14. As an alternative to GitHub for SCM there’s BitBucket. It’s from Atlassian the same company as JIRA and its free for a small team. Includes a basic version of JIRA too.

    Shouldn’t need to be said but if you’re team aren’t using Git, Mercurial or similar then you need to start administering some beatings.

  15. Full agreement with MattyJ on some kind of source control. Git or Mercurial are both good choices.
    Depending on what kind of collaboration you want, Google Apps for your Domain might be useful: gives you Gmail accounts on your own domain, online collaboration and controlled sharing on documents which could be useful for writing specs, Hangouts for chat + video etc.

  16. We use both JIRA and BitBucket, although MediaWiki instead of Confluence b/c Confluence can get really expensive.

    What we don’t use JIRA for is scheduling and demand management, as it’s resource availability views are not great in my experience. However, we typically have 70+ projects on the go at one time; if you only have a couple, JIRA should be fine.

    I have also heard great things about Trello for task management. Again, not good for us but could be excellent for you, although the commenter above has a good point in that all you really need is a Kanban board for your dev sprints, and JIRA has that.

    Slack is basically amazing for collaboration and can be made to integrate with more or less anything—including Git, which could come massively in handy for automated deployment.

  17. Not come across slack or trello before, both look interesting.

    I spend quite a lot of time looking at what agile and scrum can offer and how I can apply some of these ideas into traditional construction.

  18. Jira would be good for the project management bit. I set up an extranet for a very cost-sensitive small charity and for project management we used Redmine, which is free, does the job and is based on Ruby on Rails, but it will take you longer to set up (maybe a day depending on how exacting your requirements are) so it may be a false economy. Jira is Java-based so a lot of the shared web hosts won’t run it, maybe best to look at their cloud-based offering as others have suggested.

    For the small charity, we used Facebook groups (with access set to “secret”) for collaboration. They offer similar functionality to Yammer etc but with less good search. The problem with the free version of Yammer (and possibly Slack too, can’t remember) is that unlike Facebook, it doesn’t give you admin rights over other users in the group, so when somebody leaves you can’t exclude them from the collaboration (the paid version does offer this of course).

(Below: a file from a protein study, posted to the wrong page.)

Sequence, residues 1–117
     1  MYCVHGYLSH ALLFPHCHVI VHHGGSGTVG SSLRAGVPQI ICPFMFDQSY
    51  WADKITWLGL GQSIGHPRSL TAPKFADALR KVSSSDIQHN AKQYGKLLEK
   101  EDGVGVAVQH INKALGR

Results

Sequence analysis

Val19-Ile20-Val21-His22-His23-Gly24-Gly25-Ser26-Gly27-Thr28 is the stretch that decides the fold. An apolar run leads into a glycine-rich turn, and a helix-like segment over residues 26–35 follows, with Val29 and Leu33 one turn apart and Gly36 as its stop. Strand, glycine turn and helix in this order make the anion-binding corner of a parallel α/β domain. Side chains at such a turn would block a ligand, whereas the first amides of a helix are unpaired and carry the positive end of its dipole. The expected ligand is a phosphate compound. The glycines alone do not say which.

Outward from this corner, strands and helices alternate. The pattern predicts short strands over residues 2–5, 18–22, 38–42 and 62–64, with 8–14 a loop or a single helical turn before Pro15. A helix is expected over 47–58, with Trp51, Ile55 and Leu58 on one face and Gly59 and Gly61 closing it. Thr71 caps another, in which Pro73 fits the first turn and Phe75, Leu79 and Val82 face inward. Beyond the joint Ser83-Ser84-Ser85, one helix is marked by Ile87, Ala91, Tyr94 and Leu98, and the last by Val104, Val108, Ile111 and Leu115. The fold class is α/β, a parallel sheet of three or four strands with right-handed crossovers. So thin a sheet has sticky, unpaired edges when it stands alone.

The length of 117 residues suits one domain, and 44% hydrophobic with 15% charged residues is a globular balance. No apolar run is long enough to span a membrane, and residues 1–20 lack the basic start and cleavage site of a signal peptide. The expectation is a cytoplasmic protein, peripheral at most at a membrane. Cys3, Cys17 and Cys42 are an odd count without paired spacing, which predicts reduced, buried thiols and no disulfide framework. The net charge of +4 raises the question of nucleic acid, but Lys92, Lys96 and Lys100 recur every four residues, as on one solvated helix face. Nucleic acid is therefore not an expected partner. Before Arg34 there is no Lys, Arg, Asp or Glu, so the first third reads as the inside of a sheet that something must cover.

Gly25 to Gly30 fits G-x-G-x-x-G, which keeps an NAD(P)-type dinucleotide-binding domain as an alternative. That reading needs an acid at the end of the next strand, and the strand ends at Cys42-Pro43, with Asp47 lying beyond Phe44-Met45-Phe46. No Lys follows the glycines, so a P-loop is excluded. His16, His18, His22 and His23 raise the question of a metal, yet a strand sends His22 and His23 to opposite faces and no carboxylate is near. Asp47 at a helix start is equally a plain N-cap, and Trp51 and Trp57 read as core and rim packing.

For a distributed team you will probably want a wiki of some kind for general documentation, particularly from the point of view of knowledge capture in case somebody leaves. Atlassian (of Jira fame) provides the Confluence wiki engine which is quite good. Dokuwiki is a free alternative that I’ve found fine for private wikis.

    If you’re going to be using a mix of applications from different vendors then you should probably think about single sign-on so that people don’t have to log in separately to each application. For the small charity the obvious answer was to implement OAuth single sign on for “Login with Facebook”, so that users can log in to Redmine and Dokuwiki just by being logged into their Facebook accounts, but I’m not sure about the security implications for a commercial organisation.

  19. We use Jira and Trello but for different things. Jira allows more detailed tracking and customization of tickets. Trello is good for basically making ToDo lists that are later formalized in Jira as they rise to the top of the stack. We share out our Trello boards with customers, who are free to add bug reports or enhancement requests. Once we are ready to move with the a request, we start a Jira case to assign and track it.

    We are also heavily Google oriented. We use Google Apps for mail and Google Docs for documents and collaboration. For instance, a user story or architecture document or feature spec will be written up in a google doc and the doc will be shared to the product and development teams and comments will appear and discussed there. These docs are then referenced in the Jira case(s) spawned to implement the deliverable. We used to do all this in Jira, but it works much better in an interactive doc, because the doc gets updated, issues get resolved, and you’re always seeing the current status, including outstanding unresolved issues and questions. In Jira, one would have to track through old case comments, sometimes lengthy, that by now might be obsolete.

  20. Jira and look at the other Atlassian tools, not free but very cheap and you’re getting industry standard software

  21. Been through JIRA and Trello. JIRA too heavy, Trello too light…
    Now on Phabricator. Always been on GitHub.

    Phabricator can also do code review for git commits related to a particular ticket.

    +1 for Slack also.

  22. Looks like others have recommended it so just add this to the pile of recommendations

    From the sound of it the atlassian starter bundle is what you want for almost everything. Not sure if it will do the billing but it can give you the hours worked by developer (assuming they remember to track it) so you could export that into the spreadsheet of your choice to calculate the billabel hours and payments

    https://www.atlassian.com/software/starter/overview